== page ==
According to the IEA, rail is the least emissions-intensive passenger transportation mode and the IEA sees value in its expansion in the net-zero scenario. Currently the rail energy mix is split roughly equally between diesel and electricity. In the IEA’s net zero 2050 scenario, electrification of trains increases, and it is forecast that electricity will provide two-thirds of total final energy demand, with diesel around a quarter and biodiesel the rest.
In terms of accelerating the electrification of the transport rail sector, BNP Paribas’ Real Asset teams have been leading in supporting clients across the EMEA region, with several notable transactions:
- Heavy Rail: Ankara Izmir High Speed Rail. Last year, BNP Paribas acted as Mandated Lead Arranger in a €2.1 billion, 18-year tenor, fully covered UK Export Finance Buyer Credit Facility to the Ministry of Finance of Turkey, which is part of the country’s high-speed rail transport ambitions. This transaction was recognised by IJGlobal as Transport Deal of the Year for Heavy Rail.
- Electric locomotives: Railpool Refinance 2022, Germany. In 2022, Railpool – one of Europe’s largest rolling stock lessors, which operates more than 400 electric locomotives and 148 passenger vehicles across 17 European countries – secured a €1.07 billion loan to refinance existing debt and fund expansion plans, with BNP Paribas’ assistance as Mandated Lead Arranger. This transaction was recognised as refinance Deal of the Year, Rolling Stock by IJGlobal.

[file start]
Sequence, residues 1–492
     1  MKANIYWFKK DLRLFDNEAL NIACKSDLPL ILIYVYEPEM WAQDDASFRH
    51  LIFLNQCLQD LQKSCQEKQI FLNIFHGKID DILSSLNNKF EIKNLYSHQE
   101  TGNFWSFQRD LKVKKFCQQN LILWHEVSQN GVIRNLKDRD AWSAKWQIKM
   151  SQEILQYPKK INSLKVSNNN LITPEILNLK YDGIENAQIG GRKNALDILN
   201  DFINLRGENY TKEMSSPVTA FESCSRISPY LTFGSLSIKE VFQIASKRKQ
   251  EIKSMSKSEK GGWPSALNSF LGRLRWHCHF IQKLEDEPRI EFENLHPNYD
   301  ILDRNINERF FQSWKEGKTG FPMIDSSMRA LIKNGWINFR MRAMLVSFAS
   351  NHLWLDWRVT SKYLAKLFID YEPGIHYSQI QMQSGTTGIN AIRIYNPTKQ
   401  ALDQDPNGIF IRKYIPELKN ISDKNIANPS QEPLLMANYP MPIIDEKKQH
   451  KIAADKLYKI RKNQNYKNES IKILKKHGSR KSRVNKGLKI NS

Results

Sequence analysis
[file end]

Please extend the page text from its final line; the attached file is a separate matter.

- Alpha Trains, Luxembourg. This Green Loan, for which BNP Paribas acted as Arranger and Lender, was a €348 million Green Senior Secured Facility closed in favour of Alpha Trains, a leading rolling stock lessor in the passenger and freight market in Continental Europe. It consisted on refinancing part of Alpha Trains’ senior financial indebtedness and funding up to 118 new locomotives, most of which are electric. This transaction was recognised as refinance Deal of the Year for Transport by IJGlobal.
Infrastructure Journal Global Awards
Seven deals led by BNP Paribas (from a total of 27 awarded) were recognised by IJGlobal in its annual awards ceremony, which took place in London in March 2023. The publication, which provides market intelligence on the global infrastructure and energy finance markets, highlights best-in-class transactions and organisations across the energy and infrastructure sectors.
In other sectors the Bank was also recognised by IJGlobal:
- BNP Paribas teams won PPP Deal of the Year for supporting CEGeLog PPP in France. The project is aimed at building, renovating and operating about 15 000 residential buildings, according to best standards of technical quality, environmental and energy performance.
- The project in which BNP Paribas supported DigitalBridge in the €745 million acquisition of Telenet’s mobile telecommunications tower business in Germany was recognised as the Telecoms Deal of the Year.
These awards highlight BNP Paribas’ Low-Carbon Transition Group and Real Asset teams’ commitment to supporting clients across capabilities, and innovating on complex operations across the industry.